What you'll see during your walk in the park depends on whether you're in a meadow, woods or a wetland.

What you'll see during your walk in the park depends on whether you're in a meadow, woods or a wetland.

Depending on the Preservation Park being visited, you are likely to see and hear woodpeckers or blue-winged teal, coyotes or deer, owls or pheasants.

What you see also depends on whether the park is near, or connected to, other natural areas.

While walking in Emily Traphagen Preserve or Char-Mar Ridge Preserve, you'll sometimes see a great blue heron or a kingfisher on the ponds. Or you might see a raft of wood ducks or a pair of migrating blue-winged teal.

When you see those birds, say, "Thank You!" to O'Shaughnessy and Hoover reservoirs.

Those larger bodies of water, which are very close to the Traphagen and Char-Mar preserves, attract species of waterfowl that need more space to nest and raise young than can be found in our parks alone.

Our parks help birds, as well.

When the reservoirs get busy with boats and other activities, reproducing birds -- such as wood ducks -- can move over to Preservation Parks' ponds. Chris Roshon, our natural resources technician, believes that without a place to seek refuge, the birds that nest along the reservoirs would not stay around as long as they do.

In Delaware County, we are lucky to have four reservoirs located entirely or partially within county boundaries, two state parks, a wildlife area along Delaware Lake, protected waterways such as the Olentangy River, township and municipal parks, undeveloped open space and riparian areas along creeks and rivers.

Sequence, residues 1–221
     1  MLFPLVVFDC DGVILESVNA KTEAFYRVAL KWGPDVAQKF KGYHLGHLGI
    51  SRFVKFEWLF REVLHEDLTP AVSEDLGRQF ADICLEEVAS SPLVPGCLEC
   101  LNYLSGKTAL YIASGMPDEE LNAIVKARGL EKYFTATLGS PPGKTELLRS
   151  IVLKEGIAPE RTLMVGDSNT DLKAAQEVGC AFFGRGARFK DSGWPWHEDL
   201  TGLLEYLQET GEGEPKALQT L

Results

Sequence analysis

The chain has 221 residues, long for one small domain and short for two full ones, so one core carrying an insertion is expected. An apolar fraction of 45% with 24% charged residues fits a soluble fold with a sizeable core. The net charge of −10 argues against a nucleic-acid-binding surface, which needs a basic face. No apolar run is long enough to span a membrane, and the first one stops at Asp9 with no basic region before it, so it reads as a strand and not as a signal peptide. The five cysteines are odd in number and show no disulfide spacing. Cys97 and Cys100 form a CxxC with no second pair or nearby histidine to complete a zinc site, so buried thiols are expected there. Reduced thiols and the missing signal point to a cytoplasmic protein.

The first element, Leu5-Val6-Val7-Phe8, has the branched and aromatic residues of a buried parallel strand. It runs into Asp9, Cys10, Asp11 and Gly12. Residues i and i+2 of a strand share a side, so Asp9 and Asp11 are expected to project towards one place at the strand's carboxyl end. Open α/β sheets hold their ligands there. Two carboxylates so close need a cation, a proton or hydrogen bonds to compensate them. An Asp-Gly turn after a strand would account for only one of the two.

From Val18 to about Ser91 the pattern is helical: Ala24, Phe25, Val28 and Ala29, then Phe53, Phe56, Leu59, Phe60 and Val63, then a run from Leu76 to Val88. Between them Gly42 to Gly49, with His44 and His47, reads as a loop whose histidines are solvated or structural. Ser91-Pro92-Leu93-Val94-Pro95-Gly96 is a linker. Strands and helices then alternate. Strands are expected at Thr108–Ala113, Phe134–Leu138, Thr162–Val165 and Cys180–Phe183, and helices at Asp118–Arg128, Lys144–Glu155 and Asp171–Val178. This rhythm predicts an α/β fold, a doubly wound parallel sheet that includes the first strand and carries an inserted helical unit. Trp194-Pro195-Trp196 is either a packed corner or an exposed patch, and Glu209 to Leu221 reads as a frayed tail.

Taken together, these resources, plus Preservation Parks, create a natural-areas network that effectively expands habitats and helps birds and other wildlife thrive.

On the flip side of expanding habitats are those that are shrinking. Roshon said that today, habitat loss is the greatest threat to most wildlife species and a factor that affects wildlife diversity.

Deforestation and urbanization obviously take a toll, but habitat also becomes lost to wildlife if they can't get to it. That happens when a natural area is isolated and too far away from similar habitat for animals to easily move back and forth.

Deer, coyotes and other animals that have large home ranges. In Delaware County, they can find plenty of fence rows with protective foliage.

But many smaller mammals, insects, amphibians and reptiles have smaller home ranges and get stuck in the pocket habitats because they can't move between areas.

A high-quality habitat, even if it is small, will support a wildlife population for a while. But for a rabbit or pheasant in a small field, there's nowhere to go when a coyote comes sniffing around.

At Preservation Parks, we're pleased that the natural areas we have protected are part of a countywide network of habitats that support birds and other wildlife.

As you go for a walk in the park, perhaps during one of our "Hound Hikes" or "Birding 101" sessions, keep your eyes open for wildlife you might not see if it weren't for that wonderful network.

For information about our parks and locations, programs and events, please visit www.preservationparks.com.

Sue Hagan is public relations specialist for Preservation Parks of Delaware County.

Sue Hagan